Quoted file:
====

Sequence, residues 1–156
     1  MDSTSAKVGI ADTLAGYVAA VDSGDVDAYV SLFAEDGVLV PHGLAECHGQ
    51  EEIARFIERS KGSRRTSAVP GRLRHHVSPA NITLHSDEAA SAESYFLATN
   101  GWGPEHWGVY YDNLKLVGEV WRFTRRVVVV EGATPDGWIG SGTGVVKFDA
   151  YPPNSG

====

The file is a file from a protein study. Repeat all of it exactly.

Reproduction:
Sequence, residues 1–156
     1  MDSTSAKVGI ADTLAGYVAA VDSGDVDAYV SLFAEDGVLV PHGLAECHGQ
    51  EEIARFIERS KGSRRTSAVP GRLRHHVSPA NITLHSDEAA SAESYFLATN
   101  GWGPEHWGVY YDNLKLVGEV WRFTRRVVVV EGATPDGWIG SGTGVVKFDA
   151  YPPNSG